valby phototour 2 of 4

November 11, 2007

This time I started out in the northwest corner of Valby, and worked my way south. I visited three developments of very distinct built character, as well as ‘Gamle Vigerselv,’ which appears to be the historical center of an early town that was later consumed by what is today Valby, and ‘Vigerslev Haveforstad,’ or Vigerselv Garden Suburb. Also observed more rail lines and how they are accessed by area residents.

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25. The Ålholm-kvarteret (Ålholm quarter) is characterized by large brick courtyad buildings that take up entire blocks.
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26. More of the Ålholm-kvarteret. The masses of the buildings reinforce the street pattern and make for a clear reading of the block structure.

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27. Vigerselv Haveforstad, or ‘Vigerselv Garden Suburb.’ This is a neighborhood of small, quaint houses and quiet streets; each house has a yard, and there are few multifamily units in the area.

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28. + 29. Houses in Vigerselv Haveforstad.

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30. More houses in Vigerselv Haveforstad. This block has a unified appearance.

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31. Further south, across the train line, was Det Gamle Vigerslev, or ‘The Old Vigerselv.” This appears to be the nucleus of what was formerly a community in its own right. Small in size and scale and varied in character, it is now surrounded by the comparatively larger and unified housing developments of Valby (see photos 32-37).

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32. Streetscape of Det Gamle Vigerslev.

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33. A housing development called Store Vigerslevgård, or something like ‘Greater Vigerslev Square’ (my Danish translation skills may be failing me a bit here…I’ll find out more). This neighborhood is essentially a superblock of large, rectangular multifamily units that are joined at the corners to form slightly diagonal rows of buildings.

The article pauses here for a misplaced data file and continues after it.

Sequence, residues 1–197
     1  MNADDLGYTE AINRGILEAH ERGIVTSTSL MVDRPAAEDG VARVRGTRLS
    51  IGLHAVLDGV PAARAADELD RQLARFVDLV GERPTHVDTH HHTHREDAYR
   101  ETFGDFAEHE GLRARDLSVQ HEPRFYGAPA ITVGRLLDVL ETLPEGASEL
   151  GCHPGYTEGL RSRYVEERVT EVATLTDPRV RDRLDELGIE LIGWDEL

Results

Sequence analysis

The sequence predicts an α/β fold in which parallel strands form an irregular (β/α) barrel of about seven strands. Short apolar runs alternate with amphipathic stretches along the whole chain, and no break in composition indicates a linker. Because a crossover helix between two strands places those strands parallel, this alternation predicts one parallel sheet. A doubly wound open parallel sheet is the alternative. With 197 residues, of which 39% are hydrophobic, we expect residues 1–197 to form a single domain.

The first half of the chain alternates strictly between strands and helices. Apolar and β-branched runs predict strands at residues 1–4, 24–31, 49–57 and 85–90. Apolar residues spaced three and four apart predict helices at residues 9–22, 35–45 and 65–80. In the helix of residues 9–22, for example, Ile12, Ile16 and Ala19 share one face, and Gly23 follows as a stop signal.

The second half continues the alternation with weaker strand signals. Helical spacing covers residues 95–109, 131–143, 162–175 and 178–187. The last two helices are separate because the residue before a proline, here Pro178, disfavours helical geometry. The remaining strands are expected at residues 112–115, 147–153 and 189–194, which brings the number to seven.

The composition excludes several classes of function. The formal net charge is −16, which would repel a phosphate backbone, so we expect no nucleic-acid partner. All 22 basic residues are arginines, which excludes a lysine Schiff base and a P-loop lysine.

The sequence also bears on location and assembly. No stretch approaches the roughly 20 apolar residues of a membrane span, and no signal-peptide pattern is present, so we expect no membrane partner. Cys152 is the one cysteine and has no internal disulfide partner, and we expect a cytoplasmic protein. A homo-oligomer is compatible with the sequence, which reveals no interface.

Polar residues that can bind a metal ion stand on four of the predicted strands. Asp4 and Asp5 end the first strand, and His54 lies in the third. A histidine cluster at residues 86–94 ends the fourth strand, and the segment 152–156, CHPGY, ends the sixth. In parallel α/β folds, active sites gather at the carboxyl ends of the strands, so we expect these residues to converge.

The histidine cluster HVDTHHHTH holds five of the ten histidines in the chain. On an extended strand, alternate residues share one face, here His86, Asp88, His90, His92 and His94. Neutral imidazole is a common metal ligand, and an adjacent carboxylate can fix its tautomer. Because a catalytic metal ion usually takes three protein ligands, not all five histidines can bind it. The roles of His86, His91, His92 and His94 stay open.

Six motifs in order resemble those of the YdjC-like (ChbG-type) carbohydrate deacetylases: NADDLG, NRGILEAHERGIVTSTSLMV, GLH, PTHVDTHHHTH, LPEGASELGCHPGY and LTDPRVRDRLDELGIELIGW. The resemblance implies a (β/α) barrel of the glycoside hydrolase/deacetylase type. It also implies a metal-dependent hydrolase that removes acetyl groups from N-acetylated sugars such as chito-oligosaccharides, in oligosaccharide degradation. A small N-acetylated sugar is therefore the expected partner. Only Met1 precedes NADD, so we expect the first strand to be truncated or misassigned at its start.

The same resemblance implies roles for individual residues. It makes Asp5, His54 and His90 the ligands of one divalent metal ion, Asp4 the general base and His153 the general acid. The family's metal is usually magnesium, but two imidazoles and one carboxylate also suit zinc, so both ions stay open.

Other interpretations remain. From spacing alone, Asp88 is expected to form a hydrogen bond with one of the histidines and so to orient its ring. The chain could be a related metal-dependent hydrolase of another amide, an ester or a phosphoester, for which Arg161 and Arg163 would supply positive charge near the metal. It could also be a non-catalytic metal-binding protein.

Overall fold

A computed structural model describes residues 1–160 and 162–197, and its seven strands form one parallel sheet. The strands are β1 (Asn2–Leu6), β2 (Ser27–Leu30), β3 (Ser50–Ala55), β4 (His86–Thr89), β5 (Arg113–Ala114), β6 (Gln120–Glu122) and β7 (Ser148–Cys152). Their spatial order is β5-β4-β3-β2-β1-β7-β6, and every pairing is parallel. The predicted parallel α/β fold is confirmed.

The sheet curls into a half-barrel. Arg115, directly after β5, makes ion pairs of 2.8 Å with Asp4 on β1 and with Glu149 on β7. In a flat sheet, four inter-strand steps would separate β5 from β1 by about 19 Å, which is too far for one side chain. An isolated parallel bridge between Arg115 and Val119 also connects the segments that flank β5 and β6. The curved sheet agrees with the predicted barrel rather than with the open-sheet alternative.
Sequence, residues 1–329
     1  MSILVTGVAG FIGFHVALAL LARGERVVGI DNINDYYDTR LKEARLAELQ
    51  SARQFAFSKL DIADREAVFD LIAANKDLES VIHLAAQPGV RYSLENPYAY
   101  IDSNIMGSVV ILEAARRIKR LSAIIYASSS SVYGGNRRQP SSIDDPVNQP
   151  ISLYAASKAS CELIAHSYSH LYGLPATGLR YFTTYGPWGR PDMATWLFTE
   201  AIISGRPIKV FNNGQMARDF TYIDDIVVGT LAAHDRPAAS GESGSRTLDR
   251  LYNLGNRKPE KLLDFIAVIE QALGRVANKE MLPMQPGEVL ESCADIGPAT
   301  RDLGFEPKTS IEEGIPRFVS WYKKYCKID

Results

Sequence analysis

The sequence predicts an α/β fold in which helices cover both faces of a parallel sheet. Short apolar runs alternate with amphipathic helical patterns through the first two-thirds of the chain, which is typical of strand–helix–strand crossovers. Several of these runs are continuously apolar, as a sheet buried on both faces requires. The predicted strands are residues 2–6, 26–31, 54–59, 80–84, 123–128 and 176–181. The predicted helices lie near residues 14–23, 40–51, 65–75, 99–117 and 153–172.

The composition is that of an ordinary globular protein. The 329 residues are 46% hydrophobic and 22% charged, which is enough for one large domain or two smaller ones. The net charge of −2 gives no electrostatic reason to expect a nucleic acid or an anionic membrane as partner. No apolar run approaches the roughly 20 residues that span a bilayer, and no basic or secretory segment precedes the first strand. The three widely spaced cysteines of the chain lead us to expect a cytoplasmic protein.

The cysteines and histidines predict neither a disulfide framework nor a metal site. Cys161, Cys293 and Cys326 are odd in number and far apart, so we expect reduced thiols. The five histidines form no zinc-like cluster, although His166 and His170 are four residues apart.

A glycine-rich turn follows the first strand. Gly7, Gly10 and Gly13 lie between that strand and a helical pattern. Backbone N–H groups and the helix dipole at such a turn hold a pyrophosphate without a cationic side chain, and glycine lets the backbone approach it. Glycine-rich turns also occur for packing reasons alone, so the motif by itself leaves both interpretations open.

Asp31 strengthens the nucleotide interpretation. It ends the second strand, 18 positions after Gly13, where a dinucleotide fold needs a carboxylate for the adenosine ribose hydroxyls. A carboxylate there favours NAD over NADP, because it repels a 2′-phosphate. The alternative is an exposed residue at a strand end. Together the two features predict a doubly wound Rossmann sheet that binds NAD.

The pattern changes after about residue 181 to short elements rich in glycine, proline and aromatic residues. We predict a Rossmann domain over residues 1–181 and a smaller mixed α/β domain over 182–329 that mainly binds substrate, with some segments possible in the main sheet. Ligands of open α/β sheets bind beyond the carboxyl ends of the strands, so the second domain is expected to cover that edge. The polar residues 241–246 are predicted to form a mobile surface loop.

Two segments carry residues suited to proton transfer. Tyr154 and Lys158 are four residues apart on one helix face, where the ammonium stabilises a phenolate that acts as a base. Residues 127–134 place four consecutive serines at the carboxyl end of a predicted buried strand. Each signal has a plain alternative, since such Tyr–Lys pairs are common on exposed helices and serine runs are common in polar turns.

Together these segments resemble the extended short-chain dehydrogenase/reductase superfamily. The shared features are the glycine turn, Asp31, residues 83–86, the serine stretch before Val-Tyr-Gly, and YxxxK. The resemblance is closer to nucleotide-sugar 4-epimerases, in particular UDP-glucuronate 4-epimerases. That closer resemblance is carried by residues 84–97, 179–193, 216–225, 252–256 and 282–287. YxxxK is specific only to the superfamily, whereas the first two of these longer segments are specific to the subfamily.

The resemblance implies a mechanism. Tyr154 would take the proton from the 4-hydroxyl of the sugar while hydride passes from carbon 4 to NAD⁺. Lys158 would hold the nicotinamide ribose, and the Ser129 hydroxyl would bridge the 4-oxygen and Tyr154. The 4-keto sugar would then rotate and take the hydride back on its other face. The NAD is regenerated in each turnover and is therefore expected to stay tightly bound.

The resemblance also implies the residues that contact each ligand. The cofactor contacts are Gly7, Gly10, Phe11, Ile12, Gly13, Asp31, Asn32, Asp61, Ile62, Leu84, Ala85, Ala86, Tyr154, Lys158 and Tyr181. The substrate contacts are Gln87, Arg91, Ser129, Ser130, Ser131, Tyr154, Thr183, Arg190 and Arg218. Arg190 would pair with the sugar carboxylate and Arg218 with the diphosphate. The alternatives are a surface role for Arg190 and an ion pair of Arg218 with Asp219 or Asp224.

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34. + 35. More of Store Vigerslevgård. Notice how the buildings are connected at the corners (33) to form a solid, but modulated row of buildings and how the rows repeat one another (34) across the superblock.

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36. “Rækehusbebeggelsen” is a community of single-story row houses.

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37. + 38. One of the many rows in Rækehusbebeggelsen. At the end of each building was a brickwork mosaic of sorts. Each row had a different, but avian, motif.

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39. Multifamily housing at the border of Vigerslev Haveforstad, where it borders the rail line.

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40. Vigerslevvej, one of the main north-south arterials in Valby.

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41. S-tog (train) station at Valby, just east of Vigerslev Haveforstad.

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42. A pedestrian bridge over the rail lines, connecting Valby east with Valby west.

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43. Looking up the tracks to the north (opposite the train station).

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One Response to “valby phototour 2 of 4”

  1. animals said

    Please oh please keep writing! Your articles are wonderful!

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